Follow-up questions are an important component of behavioral interviewing. If you feel the need for more information on a topic or want clarification, ask for it. Follow-up questions are a signal to an applicant for the need to provide more specific examples and evidence. You might say something like, “Interesting. Tell me more about how you came to that conclusion,” or “What else can you tell me about that?” 

Behavior-based interview questions should be incorporated as a powerful part of a  comprehensive recruiting, interviewing, and selection process in every type of business.  

Checking for Cultural Fit

Checking for cultural fit can be tricky, but it’s arguably the most essential part of the hiring process. Not only are you looking for someone who fits in with the team for your benefit but for their benefit as well. No matter how skilled, the right candidate should be eager to contribute to your company’s success, be able to work well with others, and be likely to remain on board for the long haul.

Aside from the interview portion of the meeting, the hiring process should also include opportunities for the candidate to interact with their potential coworkers. This could mean something as simple as leaving plenty of space for casual conversation, sharing a meal together, or an approach that’s more intentional such as playing a board game with members of your team. The point is to give them an opportunity to let their guard down a bit and see if they’re making an effort to be thoughtful, engaging, and enjoy themselves.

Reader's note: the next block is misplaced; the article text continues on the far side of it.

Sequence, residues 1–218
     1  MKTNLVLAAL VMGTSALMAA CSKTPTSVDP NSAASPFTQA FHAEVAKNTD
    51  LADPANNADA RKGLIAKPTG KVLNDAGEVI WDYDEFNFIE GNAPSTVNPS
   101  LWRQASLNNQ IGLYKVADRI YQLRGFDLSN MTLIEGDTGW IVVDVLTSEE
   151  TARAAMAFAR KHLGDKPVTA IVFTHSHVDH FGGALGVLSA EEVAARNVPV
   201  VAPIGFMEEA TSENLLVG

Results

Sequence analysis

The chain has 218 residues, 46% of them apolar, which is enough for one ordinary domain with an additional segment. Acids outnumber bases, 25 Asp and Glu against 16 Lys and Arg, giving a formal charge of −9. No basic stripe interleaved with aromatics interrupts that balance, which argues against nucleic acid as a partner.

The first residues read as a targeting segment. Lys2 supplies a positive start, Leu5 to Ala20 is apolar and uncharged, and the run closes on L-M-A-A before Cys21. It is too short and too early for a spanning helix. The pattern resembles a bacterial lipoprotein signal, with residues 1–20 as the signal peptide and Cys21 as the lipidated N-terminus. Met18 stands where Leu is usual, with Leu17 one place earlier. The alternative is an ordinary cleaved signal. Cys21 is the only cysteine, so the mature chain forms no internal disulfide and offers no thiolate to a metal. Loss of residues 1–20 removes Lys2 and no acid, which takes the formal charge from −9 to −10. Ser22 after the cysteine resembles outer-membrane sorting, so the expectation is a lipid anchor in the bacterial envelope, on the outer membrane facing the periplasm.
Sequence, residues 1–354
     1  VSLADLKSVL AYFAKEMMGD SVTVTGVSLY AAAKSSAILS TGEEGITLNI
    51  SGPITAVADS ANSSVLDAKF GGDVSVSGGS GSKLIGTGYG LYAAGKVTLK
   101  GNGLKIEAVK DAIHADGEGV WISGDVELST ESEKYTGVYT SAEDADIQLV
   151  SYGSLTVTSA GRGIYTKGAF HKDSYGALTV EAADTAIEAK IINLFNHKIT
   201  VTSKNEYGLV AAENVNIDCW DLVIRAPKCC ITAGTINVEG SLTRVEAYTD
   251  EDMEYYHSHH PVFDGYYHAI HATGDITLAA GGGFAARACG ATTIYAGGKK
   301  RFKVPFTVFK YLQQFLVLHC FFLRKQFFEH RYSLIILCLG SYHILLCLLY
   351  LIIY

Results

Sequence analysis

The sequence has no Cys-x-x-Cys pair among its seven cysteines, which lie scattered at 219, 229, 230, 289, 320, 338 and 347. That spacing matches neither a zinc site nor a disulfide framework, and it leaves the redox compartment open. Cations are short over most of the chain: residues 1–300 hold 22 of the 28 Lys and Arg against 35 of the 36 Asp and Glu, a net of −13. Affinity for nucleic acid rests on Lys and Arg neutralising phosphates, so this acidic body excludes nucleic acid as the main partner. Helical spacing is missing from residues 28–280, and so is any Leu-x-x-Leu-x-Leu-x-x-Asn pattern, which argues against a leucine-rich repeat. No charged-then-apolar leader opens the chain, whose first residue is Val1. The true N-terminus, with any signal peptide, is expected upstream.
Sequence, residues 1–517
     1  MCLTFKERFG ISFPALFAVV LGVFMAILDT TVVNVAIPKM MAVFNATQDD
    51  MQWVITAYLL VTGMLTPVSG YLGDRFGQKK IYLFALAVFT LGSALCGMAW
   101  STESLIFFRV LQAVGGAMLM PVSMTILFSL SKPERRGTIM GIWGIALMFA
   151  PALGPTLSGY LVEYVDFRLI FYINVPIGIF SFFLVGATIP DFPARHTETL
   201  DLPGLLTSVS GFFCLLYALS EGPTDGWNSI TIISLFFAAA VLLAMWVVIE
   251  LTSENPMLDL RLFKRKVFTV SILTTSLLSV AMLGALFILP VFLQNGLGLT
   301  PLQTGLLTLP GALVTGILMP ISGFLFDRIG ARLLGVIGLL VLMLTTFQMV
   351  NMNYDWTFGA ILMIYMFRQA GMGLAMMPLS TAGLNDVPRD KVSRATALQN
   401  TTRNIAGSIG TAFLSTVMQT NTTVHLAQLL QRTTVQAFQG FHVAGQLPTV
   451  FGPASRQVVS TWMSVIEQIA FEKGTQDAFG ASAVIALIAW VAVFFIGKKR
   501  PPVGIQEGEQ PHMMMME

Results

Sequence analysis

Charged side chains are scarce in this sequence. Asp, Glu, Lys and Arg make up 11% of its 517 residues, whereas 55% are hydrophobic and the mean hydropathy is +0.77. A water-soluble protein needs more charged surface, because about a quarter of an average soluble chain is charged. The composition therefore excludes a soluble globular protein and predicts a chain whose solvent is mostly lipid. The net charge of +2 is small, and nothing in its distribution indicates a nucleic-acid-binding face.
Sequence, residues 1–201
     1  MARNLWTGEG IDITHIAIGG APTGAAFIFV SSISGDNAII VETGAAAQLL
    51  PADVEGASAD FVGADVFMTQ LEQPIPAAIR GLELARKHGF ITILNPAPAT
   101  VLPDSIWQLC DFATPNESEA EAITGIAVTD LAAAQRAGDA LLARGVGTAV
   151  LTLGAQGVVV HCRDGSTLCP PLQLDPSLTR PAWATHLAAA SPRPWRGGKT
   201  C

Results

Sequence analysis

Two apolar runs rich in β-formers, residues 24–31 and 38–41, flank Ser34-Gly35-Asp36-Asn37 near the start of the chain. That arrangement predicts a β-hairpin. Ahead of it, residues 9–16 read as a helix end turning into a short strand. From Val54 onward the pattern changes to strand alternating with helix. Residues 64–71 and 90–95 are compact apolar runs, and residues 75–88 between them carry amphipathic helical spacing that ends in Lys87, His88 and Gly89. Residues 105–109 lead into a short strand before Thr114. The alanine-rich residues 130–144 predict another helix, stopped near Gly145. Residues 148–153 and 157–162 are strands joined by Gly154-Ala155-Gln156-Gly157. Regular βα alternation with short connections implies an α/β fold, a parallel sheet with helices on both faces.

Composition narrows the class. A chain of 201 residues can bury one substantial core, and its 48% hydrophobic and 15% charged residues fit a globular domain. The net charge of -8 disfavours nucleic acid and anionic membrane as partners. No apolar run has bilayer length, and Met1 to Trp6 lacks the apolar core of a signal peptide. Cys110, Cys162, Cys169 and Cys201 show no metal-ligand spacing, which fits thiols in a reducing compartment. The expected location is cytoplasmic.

Final Words on Hiring

A great process includes providing a timeline for hiring and contacting employees who are not selected. Keep in mind, even if you do not select a potential candidate, it’s important to generate goodwill as your company’s reputation is at stake. People talk, and if you don’t treat candidates well, you’ll have a hard time attracting top talent over time.

To make the right decision, you’ll want to take into account the candidate’s job experience, education, attitude and overall demeanor, professional appearance, general style of communication, schedule availability, and recommendations or references. Finding the right person to hire is a big win, but you’ll still have work to do. Once you select a candidate, you need to make a verbal offer of employment followed by a formal written offer, and prepare for the onboarding and training process.

Even businesses with just one or two employees can benefit immensely from having great recruitment and human resources practices in place. If we can help you with hiring strategy, compliance with HR  rules and regulations, or answer any HR question, contact us. We are here to help!